Our Cosmic Horror In The Hollow Heavens
One of the Universe’s well-known but less comprehensive realities is how enormous the true scale of the world is. Our ruler of lightyears is completely undetectable on a human scale yet the differences in location extend into the billion. Even within our household, our Earth is a pebble amongst giants. Our Sun, over a hundred times larger than Earth, is considered a modest size with other stars a hundred times larger than itself.
As science understands it, Earth and its larger siblings are products of nature’s tide. Masses made from torrents of hot matter and energy spun into the colossal that make our world. The distances between just Earth and our moon are already far larger than our natural vision can landmark. There are no mountain tops or horizons to rise, no pods of whales, or flocks of birds. Out there in the heavens is a complete absence of physical existence. Only the small glimmers of distance stars, many likely as cold and lifeless as the rest of our solar planets.
Our closest neighbor, Proxima Centauri is 4.35 light-years away. That is to say, light from our sun is delayed by 4.35 years from reaching the Centauri System. These distances between the cosmos only expand exponentially. Our own galaxy, the milky way would take 109 thousand light-years just to travel across in one direction. Just making it to the moon took immense national funding and many technological breakthroughs. With present infrastructure, it’s hard to imagine if technology will still be capable of such transformations for interstellar feats. Thankfully today’s Computing potential was just as unknowable before the first moon mission.
The sheer scale and reality-bending phenomenons that span the universe became the stomping ground for H.P. Lovecraft’s mythos of famous horrors long before the larger monstrosities of the universe were even discovered. He wrote tales of Dark Gods that are so powerful and permeating into the subsurface of reality that for a human to witness or comprehend its true nature they would be lost in the madness. More recently is the acclaimed author Junji Ito carrying on the invention of horror that denies our very reality.
Our known universe is not without its own unknowable hazards that escape our knowledge. Black holes, wormholes, dark matter and energy, gamma pulses, celestial collisions. Astronomers have begun unraveling natural fulminations of the cosmos that can snuff out life like a candle in the wind. What cosmic horror proposes is an antithesis to an intelligent designer, an intelligent destroyer. That humans, life, and the planets and stars themselves are nothing more than a feeding ground to be digested by existence our minds are not evolved enough to understand.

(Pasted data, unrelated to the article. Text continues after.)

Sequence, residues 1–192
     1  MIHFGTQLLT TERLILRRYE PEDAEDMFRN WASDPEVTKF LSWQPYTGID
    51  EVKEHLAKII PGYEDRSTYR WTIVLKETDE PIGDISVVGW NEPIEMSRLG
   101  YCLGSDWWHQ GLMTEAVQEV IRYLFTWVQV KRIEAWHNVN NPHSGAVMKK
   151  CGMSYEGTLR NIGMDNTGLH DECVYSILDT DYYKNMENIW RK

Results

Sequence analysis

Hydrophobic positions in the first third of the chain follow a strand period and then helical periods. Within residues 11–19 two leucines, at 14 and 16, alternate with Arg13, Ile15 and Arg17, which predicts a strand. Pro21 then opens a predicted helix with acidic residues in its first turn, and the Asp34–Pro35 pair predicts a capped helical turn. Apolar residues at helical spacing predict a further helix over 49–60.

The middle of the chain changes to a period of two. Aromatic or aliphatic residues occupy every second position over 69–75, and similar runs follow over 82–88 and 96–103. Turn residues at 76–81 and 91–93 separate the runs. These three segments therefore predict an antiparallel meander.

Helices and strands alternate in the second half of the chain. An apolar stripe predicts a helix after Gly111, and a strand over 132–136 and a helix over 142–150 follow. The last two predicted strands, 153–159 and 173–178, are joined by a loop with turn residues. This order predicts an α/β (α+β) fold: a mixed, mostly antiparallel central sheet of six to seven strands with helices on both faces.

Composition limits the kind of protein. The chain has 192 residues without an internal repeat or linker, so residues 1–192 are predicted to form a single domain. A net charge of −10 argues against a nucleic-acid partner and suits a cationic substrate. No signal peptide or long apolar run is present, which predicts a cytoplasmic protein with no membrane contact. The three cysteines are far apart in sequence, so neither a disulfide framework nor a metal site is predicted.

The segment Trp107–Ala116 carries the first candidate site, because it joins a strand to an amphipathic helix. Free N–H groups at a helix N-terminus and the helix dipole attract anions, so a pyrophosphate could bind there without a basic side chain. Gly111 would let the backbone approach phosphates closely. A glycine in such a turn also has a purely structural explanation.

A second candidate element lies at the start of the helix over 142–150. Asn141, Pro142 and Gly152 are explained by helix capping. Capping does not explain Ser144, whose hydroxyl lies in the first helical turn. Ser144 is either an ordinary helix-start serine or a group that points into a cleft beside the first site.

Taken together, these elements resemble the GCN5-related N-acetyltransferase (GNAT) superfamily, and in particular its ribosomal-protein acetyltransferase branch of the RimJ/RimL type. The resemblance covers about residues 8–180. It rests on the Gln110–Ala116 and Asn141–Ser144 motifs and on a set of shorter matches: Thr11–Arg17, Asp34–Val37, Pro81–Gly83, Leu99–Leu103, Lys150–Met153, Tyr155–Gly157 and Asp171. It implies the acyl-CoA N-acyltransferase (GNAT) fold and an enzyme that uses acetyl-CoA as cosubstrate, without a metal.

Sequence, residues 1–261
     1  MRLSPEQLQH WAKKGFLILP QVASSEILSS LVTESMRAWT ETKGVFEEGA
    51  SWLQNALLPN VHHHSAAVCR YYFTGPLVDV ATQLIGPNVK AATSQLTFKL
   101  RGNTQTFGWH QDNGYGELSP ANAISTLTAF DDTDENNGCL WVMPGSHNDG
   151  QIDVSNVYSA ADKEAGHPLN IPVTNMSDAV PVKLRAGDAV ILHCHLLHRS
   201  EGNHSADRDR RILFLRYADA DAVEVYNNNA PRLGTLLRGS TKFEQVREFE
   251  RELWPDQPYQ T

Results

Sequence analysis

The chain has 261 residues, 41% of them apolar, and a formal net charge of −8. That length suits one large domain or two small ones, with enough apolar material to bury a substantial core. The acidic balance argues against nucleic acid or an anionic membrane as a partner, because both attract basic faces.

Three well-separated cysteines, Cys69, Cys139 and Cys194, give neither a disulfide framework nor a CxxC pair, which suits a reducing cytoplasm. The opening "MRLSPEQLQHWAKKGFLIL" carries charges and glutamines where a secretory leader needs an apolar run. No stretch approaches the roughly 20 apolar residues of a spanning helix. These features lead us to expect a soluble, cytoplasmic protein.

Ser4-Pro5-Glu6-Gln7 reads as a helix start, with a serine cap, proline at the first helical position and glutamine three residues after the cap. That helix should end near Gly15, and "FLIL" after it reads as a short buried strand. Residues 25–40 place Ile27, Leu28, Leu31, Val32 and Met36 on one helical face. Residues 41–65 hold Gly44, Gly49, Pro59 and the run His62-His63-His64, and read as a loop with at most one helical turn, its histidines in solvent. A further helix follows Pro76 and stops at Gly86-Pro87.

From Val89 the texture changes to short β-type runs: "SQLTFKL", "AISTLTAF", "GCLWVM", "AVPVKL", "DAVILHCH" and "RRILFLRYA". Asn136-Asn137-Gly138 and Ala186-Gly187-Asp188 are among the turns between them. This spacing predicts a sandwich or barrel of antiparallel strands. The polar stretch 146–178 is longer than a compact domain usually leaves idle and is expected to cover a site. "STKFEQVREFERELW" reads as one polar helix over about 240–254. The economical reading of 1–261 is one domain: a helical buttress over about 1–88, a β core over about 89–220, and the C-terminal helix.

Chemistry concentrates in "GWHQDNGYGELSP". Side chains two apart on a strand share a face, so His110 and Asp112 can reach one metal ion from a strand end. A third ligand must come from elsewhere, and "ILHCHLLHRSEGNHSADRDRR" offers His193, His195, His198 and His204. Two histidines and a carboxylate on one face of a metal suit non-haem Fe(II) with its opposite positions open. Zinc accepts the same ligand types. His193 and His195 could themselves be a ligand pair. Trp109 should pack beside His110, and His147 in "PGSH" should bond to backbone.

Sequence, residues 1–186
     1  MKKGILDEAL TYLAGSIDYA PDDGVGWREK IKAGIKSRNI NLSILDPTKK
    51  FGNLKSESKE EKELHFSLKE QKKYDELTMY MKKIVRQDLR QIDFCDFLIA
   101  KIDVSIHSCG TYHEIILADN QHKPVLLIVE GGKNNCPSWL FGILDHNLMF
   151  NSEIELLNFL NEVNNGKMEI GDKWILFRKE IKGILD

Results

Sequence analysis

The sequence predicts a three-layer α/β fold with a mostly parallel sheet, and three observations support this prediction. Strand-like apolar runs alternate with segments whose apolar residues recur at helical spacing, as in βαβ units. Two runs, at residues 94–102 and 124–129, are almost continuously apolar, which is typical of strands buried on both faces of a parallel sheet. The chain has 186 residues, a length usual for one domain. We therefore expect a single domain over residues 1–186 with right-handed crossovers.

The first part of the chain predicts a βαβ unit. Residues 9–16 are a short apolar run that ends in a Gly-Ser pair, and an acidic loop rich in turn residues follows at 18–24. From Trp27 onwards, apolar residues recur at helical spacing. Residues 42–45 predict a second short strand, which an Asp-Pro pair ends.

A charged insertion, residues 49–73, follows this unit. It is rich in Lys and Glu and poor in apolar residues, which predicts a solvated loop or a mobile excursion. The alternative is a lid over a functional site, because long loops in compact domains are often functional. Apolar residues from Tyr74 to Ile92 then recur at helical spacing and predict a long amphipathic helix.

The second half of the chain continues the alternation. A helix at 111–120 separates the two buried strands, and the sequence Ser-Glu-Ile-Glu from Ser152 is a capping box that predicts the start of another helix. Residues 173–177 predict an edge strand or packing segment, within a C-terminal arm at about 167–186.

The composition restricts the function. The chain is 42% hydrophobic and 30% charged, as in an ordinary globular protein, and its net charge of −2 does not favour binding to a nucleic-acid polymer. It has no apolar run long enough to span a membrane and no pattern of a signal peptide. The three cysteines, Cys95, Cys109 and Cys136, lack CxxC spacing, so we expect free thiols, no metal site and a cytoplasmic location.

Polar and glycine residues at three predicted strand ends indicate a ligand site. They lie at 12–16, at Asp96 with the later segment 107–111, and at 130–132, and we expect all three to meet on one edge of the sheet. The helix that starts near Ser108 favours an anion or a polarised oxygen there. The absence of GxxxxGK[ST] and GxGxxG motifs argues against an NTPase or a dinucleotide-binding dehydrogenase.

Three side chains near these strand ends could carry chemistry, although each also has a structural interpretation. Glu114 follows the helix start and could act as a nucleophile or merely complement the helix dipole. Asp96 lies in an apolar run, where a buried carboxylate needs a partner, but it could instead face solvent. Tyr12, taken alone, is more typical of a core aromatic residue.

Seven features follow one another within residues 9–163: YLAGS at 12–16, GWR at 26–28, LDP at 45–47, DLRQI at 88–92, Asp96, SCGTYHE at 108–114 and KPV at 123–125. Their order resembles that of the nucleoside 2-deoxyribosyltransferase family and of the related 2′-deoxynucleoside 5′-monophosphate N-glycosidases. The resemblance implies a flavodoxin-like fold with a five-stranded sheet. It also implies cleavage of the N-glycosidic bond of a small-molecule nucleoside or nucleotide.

Fantasy is one thing but the modern idea that the human brain is limited by its accumulated adaptations does potentially hold water. There are many things our brains are wired to excel at one of them is our fear. Fear is a raw function of many animals, it makes us survive and reflex to life-ending encounters we may have encountered during human evolution. We can steer clear of predators in the wild or hostiles within our social groups. Our sense of fear is built from the reality humans lived by throughout our history as a species.
The cosmos however are eternally incomprehensible to our daily lives but at the same time is the goliaths that lay our bedrock. The moon, sun, and planets of the solar system are unreachable by any non-technological means, despite that they and all the stars of the milky way and beyond have been up there in the night sky guiding our voyages through land, sea, sky, and heavens beyond. Our sun bathes the earth in nuclear rays that guide life through love unto death. Cultures and religions were shaped by the connection humans built from the colossal of the night sky.
To survive our fears can push humans to any form of desperation. Like any animal, we are capable of violent and deadly feats to survive. Stealing, killing, foraging, digging. betraying. If there’s a way for a human to survive we have done it, sins and all. But how does one survive the end of life itself? Our pale blue dot in the darkness is the only vessel of livable space known to our sun. What cosmic horror asks us is, what if? What if the clock runs out? If the meteor strike that ended prehistoric life on Earth comes again?
Once humans became familiar with the near impossibility for life to exist outside of Earth and the annihilation of dinosaurs from a meteor the human species face a new reality of disasters that would eradicate our debut as intelligent life forever. If a turn of nature that exists on the cosmic scale were to ever encounter for Earth to avoid it would be as difficult as stopping the sun from rising.
As current humanity exists there is no act of desperation that would lead to our survival should the earth be remolded once again, the cosmic horrors of fantasy are a reminder of cosmic reality and stirs anxiety of our brief lifespans and fragile necessities. But don’t be alarmed, the likelihood of anything of that scale is laughably small and as far from our lifetime as the dinosaurs are. Except for climate change, we’re all gonna be skelly-boned on that without intervention.
Check out other editorials here on Dread XP. If today’s caught your fancy stay tuned for Nier Automata and the world of post-humanity and check my precursor about Nier Replicant and the pain of history.